Ronnie also won three ranking events: the UK Championship, the Shanghai Masters and the English Open. In addition he won the Masters and made it to two other finals: the champion of Champions and the Hong Kong Masters. You can have a look at Ronnie’s 2017 achievements on Cuetracker. Ronnie also equalled or broke several records during the year: he passed the 900 centuries mark, he now holds the record of most Masters won with 7, equalled Steve Davis record of 6 UK Championships and equalled Stephen Hendry’s record of 18 Triple Crowns.

So, all things considered Ronnie is my player of the year.

Young player of the year

That’s an easy one: Yan Bingtao is my young player of the year. Look at Yan’s 2017 achievements on Cuetracker. Yan has only been a pro for one season and a half. He’s climbed as high as 26th in the rankings, he’s reached a ranking event final. He took some serious scalps during short career including Mark Selby and Ronnie. And I like his gusto, he’s a showman, he relates to the crowds. I even have a soft spot for his terrible sense of fashion!

Entrepreneur of the year

Jason Francis is my entrepreneur of the year for singlehandedly building the Seniors Tours, now supported by WPBSA. This is a fantastic achievement in a very short time span. It’s about giving opportunities to all those players who have entertained and thrilled us in their prime, who still love the game but dropped off the tour, as well as to all the amateurs over 40, who dare to dream to play a legend, in a legendary venue. Jason’s events offer the right balance between good snooker, competitiveness, fun, glamour and nostalgia.

Snooker coverage of the year

The Eurosport UK coverage of the Home Nation Series and the UK Championship. They are my pick, providing the right mix of knowledge, intelligent punditry and commentary and lighthearted fun. There is a complicity in that team that I never found elsewhere. Special mentions for Ronnie, Jimmy White, Neal Foulds and David Hendon.

Coup de coeur of the year

It has to go to this, especially the twin interview with Ronnie and Sunny Akani after their UK match. And Sunny himself. I’m a fan!


2017 Golden Turkey


Golden Turkey

That one goes to Barry Hearn for making the Shootout a ranking event.

Here we have an event that isn’t even played under the rules of snooker, with a ridiculously “short” shot-clock, over just one frame, in a drunken atmosphere. It was marred by refereeing mistakes that robbed players of earning opportunities or worse and I don’t blame the refs really because it’s humanely impossible to keep the required level of concentration and to spot everything in that circus. And it had a definite impact on who was finally at the Crucible by right.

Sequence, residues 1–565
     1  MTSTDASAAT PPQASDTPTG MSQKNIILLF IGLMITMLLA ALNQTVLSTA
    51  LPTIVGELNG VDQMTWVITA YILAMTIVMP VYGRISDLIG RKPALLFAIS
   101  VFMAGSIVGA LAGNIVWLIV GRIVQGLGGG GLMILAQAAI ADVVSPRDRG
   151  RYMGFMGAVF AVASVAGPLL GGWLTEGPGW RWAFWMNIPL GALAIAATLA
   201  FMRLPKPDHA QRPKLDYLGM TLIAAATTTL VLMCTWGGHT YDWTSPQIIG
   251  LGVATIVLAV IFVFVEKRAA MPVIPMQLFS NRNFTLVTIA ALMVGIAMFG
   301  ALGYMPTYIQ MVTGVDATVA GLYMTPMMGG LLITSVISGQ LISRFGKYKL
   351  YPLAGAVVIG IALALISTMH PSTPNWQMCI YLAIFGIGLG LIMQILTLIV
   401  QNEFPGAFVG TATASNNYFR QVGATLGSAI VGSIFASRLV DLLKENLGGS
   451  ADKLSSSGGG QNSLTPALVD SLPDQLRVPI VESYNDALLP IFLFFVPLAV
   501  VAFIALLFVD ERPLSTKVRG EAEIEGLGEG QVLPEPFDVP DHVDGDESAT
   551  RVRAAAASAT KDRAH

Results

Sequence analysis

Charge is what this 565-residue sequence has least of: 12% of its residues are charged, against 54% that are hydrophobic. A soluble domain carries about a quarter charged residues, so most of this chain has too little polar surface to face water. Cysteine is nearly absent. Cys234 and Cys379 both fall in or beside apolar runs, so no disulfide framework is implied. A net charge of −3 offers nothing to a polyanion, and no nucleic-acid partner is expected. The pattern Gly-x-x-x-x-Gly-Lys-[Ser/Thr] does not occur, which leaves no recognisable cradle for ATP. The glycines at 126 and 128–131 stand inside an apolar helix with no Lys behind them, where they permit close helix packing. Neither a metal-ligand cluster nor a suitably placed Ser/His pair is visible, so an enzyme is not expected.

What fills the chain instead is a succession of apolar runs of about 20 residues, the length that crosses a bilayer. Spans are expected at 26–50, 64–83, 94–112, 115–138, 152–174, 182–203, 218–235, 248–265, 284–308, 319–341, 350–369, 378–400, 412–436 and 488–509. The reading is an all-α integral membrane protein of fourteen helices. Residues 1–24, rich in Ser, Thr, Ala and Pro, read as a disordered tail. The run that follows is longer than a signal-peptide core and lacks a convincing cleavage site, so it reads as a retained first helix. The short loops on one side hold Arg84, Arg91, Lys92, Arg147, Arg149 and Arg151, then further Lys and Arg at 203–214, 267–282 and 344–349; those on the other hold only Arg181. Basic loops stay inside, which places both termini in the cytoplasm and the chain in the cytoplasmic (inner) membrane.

In my eyes this event is an insult to the players skills. and hard work. It’s not even funny anymore with what is at stake. It’s just tailor-made for the bookies, as close as it can be to prostitution to the betting industry. We were told that making it a ranking event was required by the television broadcasters, probably in an attempt to get the big names on board. It didn’t really work.

And the way Hearn reacted to the flood of criticism, by organising a vote that excluded the option everyone wanted, was one of the worst pretence of “democracy” I’ve seen in this sport.

End of rant!





Looking back at 2017 on the baize

It is a bit of a bloggers’ tradition at this time of the year to look back at what happened over the last twelve months, good or bad. So here are my picks

The lows …

Stuart Bingham’s ban for breaching the rules over betting 

I touched the subject in this post, where you will find the full WPBSA statement. It always baffles me that pros are regularly caught in breach of these contractual rules and afterward state that they were not fully aware of them nor of the possible consequences. What makes Stuart’s case worse than the previous recent ones (Burden, Perry), is that, instead of collaborating fully with the authorities, he actually lied about a number of instances. There is no evidence whatsoever that Stuart actually tried to “fix” anything, for all we know he competed to the best of his abilities in every match, therefore we can only suppose that he was stupid in doing that, rather than plain dishonest. But still, I’m extremely uneasy with this case, as I am BTW with the constant involvement of WS with betting companies, their main sponsors, to the point that we now have events in the calendar that are clearly tailor-made for them.

Mark Williams not at the Crucible … because of the Shootout

Again, this is something I already wrote about here. I haven’t changed my mind. Making the Shootout a ranking event was a disgrace. This is one of those events that are tailor-made for the bookies. To a very large extent, it’s a lottery and it was marred by refereeing incidents. It was OK with me whilst it was just an opportunity for the players to earn some money whilst having a bit of fun. It definitely isn’t now. And the way Barry Hearn responded to the criticisms that flooded the Internet isn’t going down well with me either. He organised a vote with only two options, either keep it on the calendar as a ranking event or ditch it. There was only going to be one answer. Why indeed would players refuse an earning opportunity? The “missing option”, revert it to an invitational event, wasn’t offered, and it’s the one that I firmly believe would have won the poll.

The terrible timing of the German Masters qualifiers